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Eyes in the Sky Track Earth's Changes [Slideshow]

Earth-monitoring satellites are being used to track everything from deforestation to the spread of plankton in the Arctic Ocean

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INVADING PLANTS

New types of trees and other vegetation (colored red and pink) are slowly but surely displacing the native species (denoted in green).....[ More ]

CHEMICAL FINGERPRINT

By measuring nutrient and water levels in leaves, researchers can spot invasive plants from the air in places like Hawaii, pictured here.....[ More ]

SPREADING SHALLOWS

The least productive areas of ocean for plankton will likely spread as the globe warms, according to satellite data and computer models.....[ More ]

MIXING LAYER

Plankton in the open ocean need a precise mixture of sunlight in shallower waters and nutrients from the deep. Temperature determines just how easily the two mix—and global warming could throw the whole system out of balance.....[ More ]

TREES LIKE IT DRY

Satellite rainfall data reveals that the areas of the Amazon that received the least rain in 2005 also experienced the greatest growth, proving that the deep roots of the old-growth rainforest can sustain the trees through climate fluctuations.....[ More ]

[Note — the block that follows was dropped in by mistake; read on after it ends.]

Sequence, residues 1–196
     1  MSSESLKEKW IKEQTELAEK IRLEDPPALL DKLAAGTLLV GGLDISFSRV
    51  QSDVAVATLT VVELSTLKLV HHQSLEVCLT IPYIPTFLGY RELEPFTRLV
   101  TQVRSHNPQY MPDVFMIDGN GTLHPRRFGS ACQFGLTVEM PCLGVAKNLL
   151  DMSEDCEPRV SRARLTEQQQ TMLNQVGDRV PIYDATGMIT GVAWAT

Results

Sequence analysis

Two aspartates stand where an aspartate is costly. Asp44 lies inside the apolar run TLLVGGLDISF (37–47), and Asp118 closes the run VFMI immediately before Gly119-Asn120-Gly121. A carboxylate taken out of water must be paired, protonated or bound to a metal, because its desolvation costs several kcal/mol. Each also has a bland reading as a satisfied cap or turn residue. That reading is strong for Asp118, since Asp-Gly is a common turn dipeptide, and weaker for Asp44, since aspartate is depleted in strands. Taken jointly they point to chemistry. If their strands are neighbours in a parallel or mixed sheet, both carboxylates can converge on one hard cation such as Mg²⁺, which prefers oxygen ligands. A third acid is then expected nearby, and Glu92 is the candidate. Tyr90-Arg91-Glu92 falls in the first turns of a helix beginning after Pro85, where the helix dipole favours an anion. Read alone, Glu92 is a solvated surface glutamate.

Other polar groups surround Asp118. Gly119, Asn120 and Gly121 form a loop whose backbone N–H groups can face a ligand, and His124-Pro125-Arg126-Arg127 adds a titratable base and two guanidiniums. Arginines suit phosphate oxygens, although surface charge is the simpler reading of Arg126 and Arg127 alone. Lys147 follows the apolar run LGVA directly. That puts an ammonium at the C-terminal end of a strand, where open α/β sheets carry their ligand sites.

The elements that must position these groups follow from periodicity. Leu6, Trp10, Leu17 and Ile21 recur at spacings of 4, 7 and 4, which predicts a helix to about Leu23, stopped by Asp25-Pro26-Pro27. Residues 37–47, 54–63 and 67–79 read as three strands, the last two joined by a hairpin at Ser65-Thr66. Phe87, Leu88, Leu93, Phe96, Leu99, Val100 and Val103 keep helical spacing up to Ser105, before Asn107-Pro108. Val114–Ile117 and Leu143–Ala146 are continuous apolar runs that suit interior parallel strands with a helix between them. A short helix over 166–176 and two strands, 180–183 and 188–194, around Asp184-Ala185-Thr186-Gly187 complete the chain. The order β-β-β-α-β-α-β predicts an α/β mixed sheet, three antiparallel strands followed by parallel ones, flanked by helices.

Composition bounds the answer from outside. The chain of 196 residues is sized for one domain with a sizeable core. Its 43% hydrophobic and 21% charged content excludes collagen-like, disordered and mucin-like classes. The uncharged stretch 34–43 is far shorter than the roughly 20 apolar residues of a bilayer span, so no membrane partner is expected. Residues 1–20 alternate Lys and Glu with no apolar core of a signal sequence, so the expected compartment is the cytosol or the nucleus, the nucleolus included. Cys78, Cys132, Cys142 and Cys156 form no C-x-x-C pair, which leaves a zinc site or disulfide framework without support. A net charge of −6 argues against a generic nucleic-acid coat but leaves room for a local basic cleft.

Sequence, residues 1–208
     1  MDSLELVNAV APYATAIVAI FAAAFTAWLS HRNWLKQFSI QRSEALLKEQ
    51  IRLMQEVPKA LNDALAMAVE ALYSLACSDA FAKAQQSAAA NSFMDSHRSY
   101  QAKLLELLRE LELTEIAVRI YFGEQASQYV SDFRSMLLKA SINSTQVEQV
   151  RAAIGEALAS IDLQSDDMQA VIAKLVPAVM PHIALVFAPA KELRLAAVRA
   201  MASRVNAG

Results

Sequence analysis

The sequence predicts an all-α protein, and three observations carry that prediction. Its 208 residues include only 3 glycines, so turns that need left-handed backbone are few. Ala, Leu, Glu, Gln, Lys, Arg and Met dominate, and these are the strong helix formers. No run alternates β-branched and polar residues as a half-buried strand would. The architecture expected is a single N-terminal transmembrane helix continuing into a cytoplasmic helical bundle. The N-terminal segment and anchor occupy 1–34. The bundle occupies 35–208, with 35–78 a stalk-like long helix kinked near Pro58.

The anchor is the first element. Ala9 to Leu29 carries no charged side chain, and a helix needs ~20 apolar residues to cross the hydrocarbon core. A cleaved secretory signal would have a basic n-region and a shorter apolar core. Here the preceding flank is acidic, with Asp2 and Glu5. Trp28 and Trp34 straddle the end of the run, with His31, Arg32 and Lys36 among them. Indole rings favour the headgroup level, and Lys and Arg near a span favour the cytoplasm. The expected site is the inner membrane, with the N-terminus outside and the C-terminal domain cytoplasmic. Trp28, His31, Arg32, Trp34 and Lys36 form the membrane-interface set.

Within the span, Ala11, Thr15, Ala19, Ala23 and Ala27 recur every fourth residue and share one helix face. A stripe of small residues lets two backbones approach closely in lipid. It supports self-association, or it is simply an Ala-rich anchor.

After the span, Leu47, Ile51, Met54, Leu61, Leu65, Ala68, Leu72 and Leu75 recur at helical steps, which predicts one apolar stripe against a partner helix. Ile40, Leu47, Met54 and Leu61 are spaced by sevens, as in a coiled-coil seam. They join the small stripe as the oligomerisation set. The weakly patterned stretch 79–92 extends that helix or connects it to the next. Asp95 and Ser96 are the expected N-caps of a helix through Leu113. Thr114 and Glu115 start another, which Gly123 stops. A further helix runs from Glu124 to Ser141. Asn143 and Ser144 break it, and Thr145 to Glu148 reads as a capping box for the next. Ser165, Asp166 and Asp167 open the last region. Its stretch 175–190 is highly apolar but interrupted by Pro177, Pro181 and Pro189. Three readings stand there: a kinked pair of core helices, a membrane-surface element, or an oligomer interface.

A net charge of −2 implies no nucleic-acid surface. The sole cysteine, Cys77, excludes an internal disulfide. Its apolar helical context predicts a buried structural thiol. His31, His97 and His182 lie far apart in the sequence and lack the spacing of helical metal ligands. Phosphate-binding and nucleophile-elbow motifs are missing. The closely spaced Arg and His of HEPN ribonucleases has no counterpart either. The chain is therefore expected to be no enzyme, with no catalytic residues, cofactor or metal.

DRY RAINFOREST

The intact Amazon rainforest likes it dry, satellite data shows, but areas of the rainforest that have been cleared or disturbed quickly dry out and turn brown.....[ More ]

PLANKTON BLOOM

Plankton benefited from diminishing sea ice but, more importantly, from a longer ice-free growing season at the edges of the Arctic.....[ More ]

SEA ICE

Satellite data captures a record minimum of Arctic Ocean sea ice on Sept. 16, 2007, and the detail on the right (in red) shows just how much ice was lost between 2006 and 2007—an area as big as California and Montana combined.....[ More ]

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